Historic flooding hits Montreal, state of emergency declared


The Canadian city of Montreal, Quebec declared a state of emergency after extreme weather event caused historic flooding across country's east. The measure, declared Sunday afternoon, May 7, 2017, will remain in place for at least 48 hours. Parts of the region were already in a flood crisis for weeks when the latest round of heavy rain started.

The province of Quebec was hardest hit, with nearly 1 900 homes flooded as of early May 8, 2017. The flooding is reported from the Ontario border to the Gaspe peninsula, across 130 municipalities.

On Sunday, May 7, 800 Canadian Armed Forces members were added to 400 already helping residents deal with extreme flooding. "The troops, along with aircraft and 12 boats from the Naval Reserve, were being positioned to aid communities across Quebec, several of which are under a state of emergency," Defence Ministry said in a release.

Montreal authorities declared the emergency after three dikes gave way in the Pierrefonds-Roxboro borough, in the north end of the city by the Rivieres des Prairies. 

Montreal Mayor Denis Coderre said about 220 people in the city had been evacuated from their homes, adding that officials are warning water levels could rise another 20 cm (7.9 inches) over the next 24 hours. He described the flooding as historic event.

Due to flooding, Quebec's transport department closed the Galipeault Bridge, a major artery connecting the island of Île-Perrot and Montreal along Highway 20, in both directions Sunday. "It's a safety measure to make sure the area is safe for drivers," Transports Québec spokesperson Martin Girard said, adding they are monitoring the structural integrity of the bridge. He could not say when the bridge may reopen. "It will depend on the level of water around the bridge," he said.

According to media reports, the town of Rigaud, west of Montreal, was hit particularly hard. The town issued a mandatory evacuation order Sunday, but was already in a state of emergency for several days. Rigaud Mayor Hans Gruenwald Jr. said firefighters are going door to door to make sure people in affected areas leave their homes.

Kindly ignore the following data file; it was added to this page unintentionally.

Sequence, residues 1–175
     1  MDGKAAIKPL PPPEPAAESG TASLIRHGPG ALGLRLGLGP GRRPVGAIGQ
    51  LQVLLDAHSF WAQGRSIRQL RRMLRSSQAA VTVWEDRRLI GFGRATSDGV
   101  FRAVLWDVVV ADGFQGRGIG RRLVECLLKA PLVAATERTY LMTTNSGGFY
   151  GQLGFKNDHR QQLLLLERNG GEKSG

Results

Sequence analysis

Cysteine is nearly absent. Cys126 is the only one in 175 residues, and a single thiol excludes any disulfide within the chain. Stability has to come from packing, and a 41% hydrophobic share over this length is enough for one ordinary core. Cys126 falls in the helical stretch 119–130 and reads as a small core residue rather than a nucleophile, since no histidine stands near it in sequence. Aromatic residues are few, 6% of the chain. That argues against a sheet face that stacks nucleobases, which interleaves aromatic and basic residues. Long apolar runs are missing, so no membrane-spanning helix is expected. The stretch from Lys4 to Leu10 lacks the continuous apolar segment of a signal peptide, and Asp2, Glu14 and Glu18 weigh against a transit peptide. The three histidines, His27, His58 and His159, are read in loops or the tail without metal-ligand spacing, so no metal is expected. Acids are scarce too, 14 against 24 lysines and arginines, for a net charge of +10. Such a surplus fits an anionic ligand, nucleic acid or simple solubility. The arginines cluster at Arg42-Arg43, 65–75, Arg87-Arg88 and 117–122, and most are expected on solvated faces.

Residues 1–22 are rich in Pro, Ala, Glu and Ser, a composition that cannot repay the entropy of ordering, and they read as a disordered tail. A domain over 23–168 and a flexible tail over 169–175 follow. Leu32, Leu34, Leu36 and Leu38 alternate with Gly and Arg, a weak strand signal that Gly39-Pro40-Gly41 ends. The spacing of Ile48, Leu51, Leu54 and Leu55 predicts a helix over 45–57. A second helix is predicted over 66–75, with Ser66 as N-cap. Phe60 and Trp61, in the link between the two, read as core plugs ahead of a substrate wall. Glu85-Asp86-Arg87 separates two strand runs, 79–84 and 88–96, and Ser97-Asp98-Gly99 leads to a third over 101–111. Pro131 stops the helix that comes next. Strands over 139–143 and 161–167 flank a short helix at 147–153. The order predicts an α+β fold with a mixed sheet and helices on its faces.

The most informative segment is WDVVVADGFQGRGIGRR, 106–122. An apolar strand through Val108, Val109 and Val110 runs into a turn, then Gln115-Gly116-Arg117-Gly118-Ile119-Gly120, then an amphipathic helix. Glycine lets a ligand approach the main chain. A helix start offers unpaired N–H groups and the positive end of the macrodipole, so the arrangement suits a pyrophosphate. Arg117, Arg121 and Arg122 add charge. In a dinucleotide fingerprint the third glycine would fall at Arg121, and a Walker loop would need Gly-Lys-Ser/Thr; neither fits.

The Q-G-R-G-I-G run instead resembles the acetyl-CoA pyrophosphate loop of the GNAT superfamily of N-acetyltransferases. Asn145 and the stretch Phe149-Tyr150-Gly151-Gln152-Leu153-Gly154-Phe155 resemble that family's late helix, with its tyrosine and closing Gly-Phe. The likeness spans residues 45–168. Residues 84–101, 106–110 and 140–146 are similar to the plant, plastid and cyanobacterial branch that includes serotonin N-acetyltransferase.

“We will follow the fire department and actually remove the people if need be,” Gruenwald said. “Because it is either that or services will be stuck to remove those people under a state of emergency at two o’clock in the morning on a stretcher – I’m sorry but we are not going to go there.”

"People had to be evacuated, and we put them in boats and they are crying like babies," Gruenwald said later. "I am sorry, they are at a point where now they are not in a position to decide anymore their own future."

In Gatineau, near the border with Ontario, 380 residences were evacuated and officials said Sunday another 900 homes need to be evacuated immediately.

Public Safety Minister Ralph Goodale said no other province had so far requested military help, but forces personnel, including reserves, are on standby across the country.

In the neighboring Ontario, unusually high rainfall also caused flooding. Although the situation there is now slowly normalizing, Lake Ontario reached water level not seen since 1993. Hundreds of people were evacuated from the Ottawa Valley.

The Weather Network meteorologist Kevin MacKay says the region will see drier conditions ahead for the coming week, though water levels will remain high on many streams and rivers in Quebec, particularly the Outaouais, Laurentides and Montreal areas.

"The increase continues on all the rivers following the precipitation that affected the sector since early Friday," Quebec's Hydro Meteo agency said in a bulletin. "High flows are anticipated on some streams from Sunday to Tuesday. Existing overflows will still be ongoing and new spills may occur in places. The levels are already very high on the streams of the Outaouais/Montréal system and the situation will intensify over the next few days."

"The sectors bordering the river between Montreal and Quebec City will also continue to see spillovers occur, as the St. Lawrence River, like the upstream rivers, will also see its level rise again for some time."

Featured image credit: Claude Duchaine, Air Imex

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